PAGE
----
Epitaphios usally in many Greek churches, will br carried with the entire bier, with its carved canopy attached. In communities where Byzantine Christianity is traditional, the processions may take extremely long routes through the streets, and processions from different parishes joining together in a central location. Where this is not possible, the procession goes three times around the outside of the church building. The procession is accompanied by the singing of the Trisagion, typically in a melodic form used at funerals. Those unable to attend the church service will often come out to balconies and sidewalks where the procession passes, holding lit candles and sometimes hand-held censers. In many Greek villages, the Epitaphios is also paraded in the cemetery, among the graves, as a covenant of eternal life to those who have died.
At the end of the procession, Epitaphios is brought back to the church. Sometimes, after the clergy carry Epitaphios in, they will stop just inside the entrance to the church, and hold the Epitaphios above the door, so that all who enter the church will pass under it (symbolically entering into the grave with Christ). In Greek churches, the Epitaphios is then brought directly to the sanctuary, where it remains on the Holy Table until Ascension Thursday. Where the Epitaphios remains in the centre of the church, the faithful will continue to venerate it throughout Great Saturday.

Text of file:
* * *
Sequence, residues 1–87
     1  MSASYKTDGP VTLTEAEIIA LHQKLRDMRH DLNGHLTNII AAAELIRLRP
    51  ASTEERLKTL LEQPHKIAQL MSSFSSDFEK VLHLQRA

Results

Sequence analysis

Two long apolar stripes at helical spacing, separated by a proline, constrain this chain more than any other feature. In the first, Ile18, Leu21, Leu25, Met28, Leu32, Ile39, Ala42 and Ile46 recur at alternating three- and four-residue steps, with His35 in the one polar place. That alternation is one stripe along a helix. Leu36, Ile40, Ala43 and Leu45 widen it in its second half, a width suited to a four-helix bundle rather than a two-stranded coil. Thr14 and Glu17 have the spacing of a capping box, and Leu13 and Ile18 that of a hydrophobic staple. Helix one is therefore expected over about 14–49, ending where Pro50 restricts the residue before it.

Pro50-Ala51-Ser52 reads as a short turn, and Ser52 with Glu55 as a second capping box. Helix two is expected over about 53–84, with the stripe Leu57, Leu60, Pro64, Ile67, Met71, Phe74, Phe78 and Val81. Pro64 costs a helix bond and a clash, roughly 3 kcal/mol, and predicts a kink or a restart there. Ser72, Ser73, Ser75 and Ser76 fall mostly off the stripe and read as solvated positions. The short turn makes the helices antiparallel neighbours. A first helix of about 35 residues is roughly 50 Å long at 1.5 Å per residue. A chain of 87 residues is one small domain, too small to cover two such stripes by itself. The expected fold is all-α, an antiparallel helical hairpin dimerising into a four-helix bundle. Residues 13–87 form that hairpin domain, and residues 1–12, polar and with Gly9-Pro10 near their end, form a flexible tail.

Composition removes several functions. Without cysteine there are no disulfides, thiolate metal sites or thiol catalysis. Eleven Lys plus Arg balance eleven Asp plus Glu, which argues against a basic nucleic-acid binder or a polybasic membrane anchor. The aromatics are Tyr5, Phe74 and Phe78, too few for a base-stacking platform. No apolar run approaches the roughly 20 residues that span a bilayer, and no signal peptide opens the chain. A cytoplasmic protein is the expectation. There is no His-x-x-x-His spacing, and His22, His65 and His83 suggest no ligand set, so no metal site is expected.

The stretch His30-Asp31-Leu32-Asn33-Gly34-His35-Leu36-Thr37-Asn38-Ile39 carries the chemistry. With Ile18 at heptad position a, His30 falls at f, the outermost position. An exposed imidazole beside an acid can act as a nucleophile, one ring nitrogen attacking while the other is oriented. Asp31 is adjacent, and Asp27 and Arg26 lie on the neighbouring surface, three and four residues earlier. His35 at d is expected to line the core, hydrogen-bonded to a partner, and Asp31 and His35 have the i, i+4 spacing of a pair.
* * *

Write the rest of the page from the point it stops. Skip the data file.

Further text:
Agia Marina church's Epitaphios is a unique event, where procession is carried out through the the seaside root accompanied by several natives and locals in spring time. A must-attend holly parade on the Great Friday every year for the traditional ceremonies of the Greek Pascha.
Wikipedia contributors 2021